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The Lantern Initiative Was Born Out of a New Mother’s Isolation…

by in Identity on 16th March, 2021

With cuts to mental heath services across the UK, community organisations have rushed to support those being failed by the system, The Lantern Initiative is a Muslim run community initiative currently based in Peterborough, Cambridgeshire and run solely by volunteers in their spare time, the founder being a mother of four, Safura Houghton who shares with Amaliah that the aims of the organisation are to educate and raise awareness of mental health issues in the Muslim community, to help break down some of the associated stigma and to empower communities in seeking and accessing help – which she is doing. They’ve even started to work with several charities and UK mental health organisations, as well as teaming up regularly with award winning psychotherapists such as Wajeeha Amin and Myira Khan. 

How did The Lantern Initiative come about?

“When my third child was born I felt isolated, a mother looking for validation, appreciation, a sense of belonging in my new identity of ‘Mum’ and not finding it within my local mosques and Muslim community groups. It was like I didn’t belong in the mosque with my baby. I started to organise coffee mornings and get togethers for other mums and soon realised how many of us felt this way. Very quickly we became sources of strength for one another, providing a listening ear and a shoulder to cry on where needed. Although the group didn’t have a name at the time this is where the idea for The Lantern Initiative was born.

Over the next few years as the group grew I started to think about how we could address the issue of postnatal depression since it was such a big factor in so many of our lives.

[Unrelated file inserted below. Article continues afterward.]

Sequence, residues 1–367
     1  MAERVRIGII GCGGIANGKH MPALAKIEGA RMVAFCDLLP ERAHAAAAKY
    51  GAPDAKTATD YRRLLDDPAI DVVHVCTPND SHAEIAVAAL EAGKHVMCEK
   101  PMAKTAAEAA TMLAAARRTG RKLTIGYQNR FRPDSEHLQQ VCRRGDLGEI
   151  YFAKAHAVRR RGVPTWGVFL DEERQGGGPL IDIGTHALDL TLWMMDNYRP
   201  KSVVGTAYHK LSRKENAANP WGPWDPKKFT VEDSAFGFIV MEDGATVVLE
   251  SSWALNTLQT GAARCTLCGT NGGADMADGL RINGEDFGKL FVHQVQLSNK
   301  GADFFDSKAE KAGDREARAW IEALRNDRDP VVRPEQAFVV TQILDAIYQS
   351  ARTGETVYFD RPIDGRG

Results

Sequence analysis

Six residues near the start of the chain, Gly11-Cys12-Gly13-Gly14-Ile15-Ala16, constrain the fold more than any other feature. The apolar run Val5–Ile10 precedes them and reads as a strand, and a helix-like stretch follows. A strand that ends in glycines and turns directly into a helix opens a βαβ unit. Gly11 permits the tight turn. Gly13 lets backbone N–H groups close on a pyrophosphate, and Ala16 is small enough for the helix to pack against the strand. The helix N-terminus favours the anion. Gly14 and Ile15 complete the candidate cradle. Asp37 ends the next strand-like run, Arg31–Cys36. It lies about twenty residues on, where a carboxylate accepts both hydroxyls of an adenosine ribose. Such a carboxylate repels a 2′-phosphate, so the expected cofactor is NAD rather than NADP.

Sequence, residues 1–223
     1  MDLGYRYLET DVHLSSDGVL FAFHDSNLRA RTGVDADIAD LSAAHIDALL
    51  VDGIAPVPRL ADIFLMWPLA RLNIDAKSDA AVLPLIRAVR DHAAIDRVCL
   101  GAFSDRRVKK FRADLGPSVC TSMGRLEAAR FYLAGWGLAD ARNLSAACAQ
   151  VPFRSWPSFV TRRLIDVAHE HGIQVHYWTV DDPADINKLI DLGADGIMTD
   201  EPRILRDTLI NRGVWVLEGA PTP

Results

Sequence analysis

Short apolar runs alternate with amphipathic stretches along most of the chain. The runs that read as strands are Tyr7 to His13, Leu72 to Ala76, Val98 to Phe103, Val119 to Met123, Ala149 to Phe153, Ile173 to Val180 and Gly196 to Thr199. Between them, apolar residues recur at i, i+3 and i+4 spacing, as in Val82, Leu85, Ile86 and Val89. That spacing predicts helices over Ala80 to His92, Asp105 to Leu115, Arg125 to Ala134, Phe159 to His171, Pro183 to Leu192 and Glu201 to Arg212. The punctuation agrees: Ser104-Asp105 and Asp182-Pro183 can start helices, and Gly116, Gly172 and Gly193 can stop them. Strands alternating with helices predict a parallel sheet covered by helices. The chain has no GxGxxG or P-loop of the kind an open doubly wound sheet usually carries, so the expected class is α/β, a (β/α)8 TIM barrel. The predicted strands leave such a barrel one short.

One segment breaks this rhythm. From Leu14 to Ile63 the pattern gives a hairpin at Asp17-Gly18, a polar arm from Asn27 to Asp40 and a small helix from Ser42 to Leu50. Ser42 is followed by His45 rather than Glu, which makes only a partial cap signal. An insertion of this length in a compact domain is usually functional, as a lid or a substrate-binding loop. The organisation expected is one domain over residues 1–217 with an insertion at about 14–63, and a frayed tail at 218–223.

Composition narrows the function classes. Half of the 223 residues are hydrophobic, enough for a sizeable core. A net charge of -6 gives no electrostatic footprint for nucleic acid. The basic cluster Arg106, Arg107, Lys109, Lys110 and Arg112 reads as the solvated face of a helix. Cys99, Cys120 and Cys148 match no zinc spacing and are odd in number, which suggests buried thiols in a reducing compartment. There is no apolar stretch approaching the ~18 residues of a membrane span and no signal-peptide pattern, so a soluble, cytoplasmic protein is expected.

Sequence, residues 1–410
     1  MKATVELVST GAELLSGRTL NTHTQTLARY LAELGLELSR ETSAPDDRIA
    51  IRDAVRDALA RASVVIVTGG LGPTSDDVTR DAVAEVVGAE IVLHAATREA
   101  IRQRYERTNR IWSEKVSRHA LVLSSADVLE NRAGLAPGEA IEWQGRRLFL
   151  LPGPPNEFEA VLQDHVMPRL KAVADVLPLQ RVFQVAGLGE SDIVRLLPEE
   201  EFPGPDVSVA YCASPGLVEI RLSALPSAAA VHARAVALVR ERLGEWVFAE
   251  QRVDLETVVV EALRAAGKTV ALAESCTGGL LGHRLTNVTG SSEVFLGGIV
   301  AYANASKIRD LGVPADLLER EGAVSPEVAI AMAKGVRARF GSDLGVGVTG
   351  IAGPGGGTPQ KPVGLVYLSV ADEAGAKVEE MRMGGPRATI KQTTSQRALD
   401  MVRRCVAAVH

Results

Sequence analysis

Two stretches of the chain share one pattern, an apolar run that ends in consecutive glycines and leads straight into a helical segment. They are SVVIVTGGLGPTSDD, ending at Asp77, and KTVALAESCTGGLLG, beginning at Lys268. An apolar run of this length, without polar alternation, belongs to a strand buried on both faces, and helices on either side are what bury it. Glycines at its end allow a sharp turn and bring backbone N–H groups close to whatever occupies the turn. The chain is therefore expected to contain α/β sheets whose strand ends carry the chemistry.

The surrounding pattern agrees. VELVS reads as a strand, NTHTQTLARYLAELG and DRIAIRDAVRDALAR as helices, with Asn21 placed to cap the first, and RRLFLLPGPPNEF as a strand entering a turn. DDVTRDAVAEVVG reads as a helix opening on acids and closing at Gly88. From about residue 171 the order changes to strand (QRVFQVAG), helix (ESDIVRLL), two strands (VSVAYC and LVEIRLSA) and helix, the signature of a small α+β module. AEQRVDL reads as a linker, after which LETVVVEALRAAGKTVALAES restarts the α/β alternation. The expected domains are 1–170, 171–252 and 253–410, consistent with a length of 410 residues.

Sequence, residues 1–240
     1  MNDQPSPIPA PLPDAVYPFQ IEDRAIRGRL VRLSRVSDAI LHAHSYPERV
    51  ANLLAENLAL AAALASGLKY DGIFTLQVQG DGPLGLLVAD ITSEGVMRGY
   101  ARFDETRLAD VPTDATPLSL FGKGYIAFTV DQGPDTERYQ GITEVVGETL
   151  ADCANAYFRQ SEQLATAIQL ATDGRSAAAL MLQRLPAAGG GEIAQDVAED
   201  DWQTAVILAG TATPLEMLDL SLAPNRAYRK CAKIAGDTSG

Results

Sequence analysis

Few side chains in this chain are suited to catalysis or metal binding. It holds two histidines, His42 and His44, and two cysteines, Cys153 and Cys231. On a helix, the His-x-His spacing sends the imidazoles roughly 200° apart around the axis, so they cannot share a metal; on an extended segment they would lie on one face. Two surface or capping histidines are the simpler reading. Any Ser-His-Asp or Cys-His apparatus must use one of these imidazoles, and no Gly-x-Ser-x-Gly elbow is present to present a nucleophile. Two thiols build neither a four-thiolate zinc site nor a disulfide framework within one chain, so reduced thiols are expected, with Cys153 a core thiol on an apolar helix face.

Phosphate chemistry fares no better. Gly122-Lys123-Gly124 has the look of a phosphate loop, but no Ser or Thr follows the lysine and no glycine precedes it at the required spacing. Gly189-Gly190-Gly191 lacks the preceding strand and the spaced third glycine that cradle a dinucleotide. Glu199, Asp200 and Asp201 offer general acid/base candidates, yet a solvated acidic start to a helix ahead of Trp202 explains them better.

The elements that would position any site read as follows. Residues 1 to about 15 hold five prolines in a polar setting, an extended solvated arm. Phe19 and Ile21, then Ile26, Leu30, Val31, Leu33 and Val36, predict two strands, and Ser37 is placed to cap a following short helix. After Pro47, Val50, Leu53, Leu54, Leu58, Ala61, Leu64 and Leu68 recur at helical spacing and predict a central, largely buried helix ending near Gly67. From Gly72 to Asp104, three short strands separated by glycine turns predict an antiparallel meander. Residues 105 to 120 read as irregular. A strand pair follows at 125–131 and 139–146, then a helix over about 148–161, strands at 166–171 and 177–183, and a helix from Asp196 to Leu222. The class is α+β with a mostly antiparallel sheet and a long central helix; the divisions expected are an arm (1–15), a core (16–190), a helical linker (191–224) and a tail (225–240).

After attending an event in London where I heard some wonderful inspirational women speak and met women like Wajeeha Amin and Aaliyah Shaikh who really touched me with their speeches and left me inspired. I met Leyla Hyda and Julie Lock who spoke of the abuse and the subsequent mental health issues they suffered in their lives and how they traversed this. I knew we had to bring these amazing women to speak to our group so I invited them to help us present our very first seminar event in Milton Keynes back in 2015. This first event was fully booked out, Alhamdulillah.

 These women will always be seen as the trailblazers who made it ok for us to vocalise our fears and feelings and to really acknowledge what we were going through. By openly voicing their own pain and their fears they opened up the doors for so many of us to speak up and speak out.”

What’s your personal background and how have you developed whilst building TLI?

“I initially qualified as an Early Years practitioner but as a mother of four girls I took more than 10 years out of work to raise my family. During this time I also homeschooled my older two for a period of 5 years. Being a mother is the most rewarding yet also the most challenging role a woman will ever experience. My years as a home educator and stay at home mum helped shape who I am today. The time I spent in solidarity with other mums made me realise how little meaningful support there actually is for us in the Muslim community and spurred me into doing more for the women around me.

We are expected to instantaneously embrace and accept the role of motherhood with so much energy, happiness and satisfaction – when actually this is not the reality for so many and the struggles of motherhood are not always acknowledged with honesty. 

Whilst building The Lantern Initiative I decided to embark on the journey of Chaplaincy. I re-trained at the Markfield Institute and now work as a Muslim chaplain supporting women in the prison system. My new role as Chaplain and Mental Health First Aider feels like a culmination of all my community work over the years. Supporting others in their personal journeys alongside their faith is exactly what I have always sought to do.”

What have you learnt about Mental health and spirituality?How has your own understanding developed?

 “As Muslims we have a unique set of needs and nuanced mental health issues which cannot be placed in a one-size-fits-all box. The sooner we realise this as communities the more we improve rates of recovery and prevention. 

 Islam in all its beauty recognises mental health issues and provides the essential toolkit for every Muslim. We practice self Ruqyah, we engage in the remembrance of Allah and we embrace hope always.